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and penalties (la rigueur des peines) against deserters.' Moreover, he himself actively joined in the persecution; he denounced to the Secretary of State the would-be fugitives to foreign lands; he recommended that some of the leaders should be transported to Canada; and he complained of the remissness of the convert officials. Nevertheless there was some ground for the view that in his heart he believed that force was no remedy. In the same letters in which he approves of force he also recommends gentleness and patience :

It would be easy enough [he says] to make them all go to Confession and Communion; but what a show to make people confess who do not yet believe in the true Church, or in her power to forgive sins! And how are we to administer Jesus Christ to those who do not believe that they receive Him? I know very well that, when missionaries and soldiers are combined, the new converts go together to Holy Communion. These stern, obstinate spirits, embittered against our religion, are, for all that, cowardly and with an eye to their worldly interests. At the least pressure they will commit sacrileges without number; but the only result will be to drive them to despair or utter indifference to all religion. We should bring down upon ourselves a horrible curse if we contented ourselves with hurrying on a work with no real foundation, and brilliant only to those who viewed it from afar.

Accordingly he begged for certain graces from the Government. Their clergy must be equal in capacity and learning to the ejected pastors; the State must furnish supplies and competent teachers for their schools; there must be free distribution of New Testaments and books of Catholic piety, printed in large type; alms should be given to the well disposed, according to the excellent system of the Consistories. And Fénelon even brought down suspicion on his head by leaving out of his sermons the customary Invocation to the Virgin, and by proposing that some special prayers and Bible-reading should be added to the religious. services attended by the heretics.'1 Fénelon's mission lasted from December, 1685, to July, 1686, and was renewed for a few months in the next year, 1687.

1 St. Cyres, p. 27.

2. In this year, 1687, Fénelon published his first work. Though it had some connection with his labours at the Nouvelles Catholiques, it did not deal with any of the religious questions of the day. His friends, the Duke and Duchess of Beauvillier, had a large family of daughters. In their anxiety to bring them up well, they applied to Fénelon for guidance. The rules which he laid down for them grew into a treatise, which is now known to us under the title De l'Education des Filles.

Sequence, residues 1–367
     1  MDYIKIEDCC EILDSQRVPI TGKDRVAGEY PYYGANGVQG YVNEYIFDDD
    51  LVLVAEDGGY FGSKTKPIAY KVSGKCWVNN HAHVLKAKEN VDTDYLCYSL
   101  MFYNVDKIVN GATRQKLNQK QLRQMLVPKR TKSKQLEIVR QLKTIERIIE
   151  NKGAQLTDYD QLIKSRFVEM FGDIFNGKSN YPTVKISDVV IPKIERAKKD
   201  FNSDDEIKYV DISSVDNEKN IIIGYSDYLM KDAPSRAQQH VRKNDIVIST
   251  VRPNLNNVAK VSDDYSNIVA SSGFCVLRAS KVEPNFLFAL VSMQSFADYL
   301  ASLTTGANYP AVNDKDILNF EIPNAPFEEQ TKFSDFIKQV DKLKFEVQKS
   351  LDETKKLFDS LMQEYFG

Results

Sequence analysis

To estimate this book at its just value we must bear in mind that the most enlightened thinkers of that age maintained that a woman's education should embrace nothing more than her catechism, sewing, singing, dancing and deportment, and correct speech. Their view was based on the inferiority of her sex: her whole duty consisted in keeping house and doing her husband's bidding. Fénelon contends that even these occupations require intelligence and training. To parody a later saying, he insists that we must educate our mothers. If we devote so much attention to the education of boys in order to fit them for the important work which they have to do in the world, how can we neglect the education of the women to whose care they are entrusted in their tenderest and most impressionable years? It is no argument to say that the feminine mind is naturally weak all the more reason for making it strong. But Fénelon takes higher ground. He is a firm believer in the dignity of woman, and he considers that the frivolity, vanity, and affectation of which she is constantly accused, and is so often guilty, are the result, not merely of her sex, but of her training. Give her a fair chance, such as, at least, her young brothers get, and she will no longer be a doll or a drudge, but a help meet for man.

The first part of his little work is devoted to early education generally-whether of boys or of girls. It will be sufficient here to remark that he insists on the importance of making lessons pleasant. They must be short, with frequent intervals of play: the actual things about which the children are learning must be brought before their eyes and put into their hands (object-lessons); the books must be


nicely printed and bound, with plenty of beautiful pictures. Above all, the teacher must be kind and gentle, so as to win the pupils' confidence and love.

Next he deals with the teaching of girls in particular. He observes that the great aim should be to strengthen their character-to correct their many little weaknesses.

They are born actresses: tears cost them nothing: their emotions are lively, their intelligence narrow. They are excited about their dress: a hat, a ribbon, a lock of hair a bit higher or a bit lower-these are serious matters in their eyes. They should be taught that it is a much greater honour to be good than to have nice hair and nice frocks.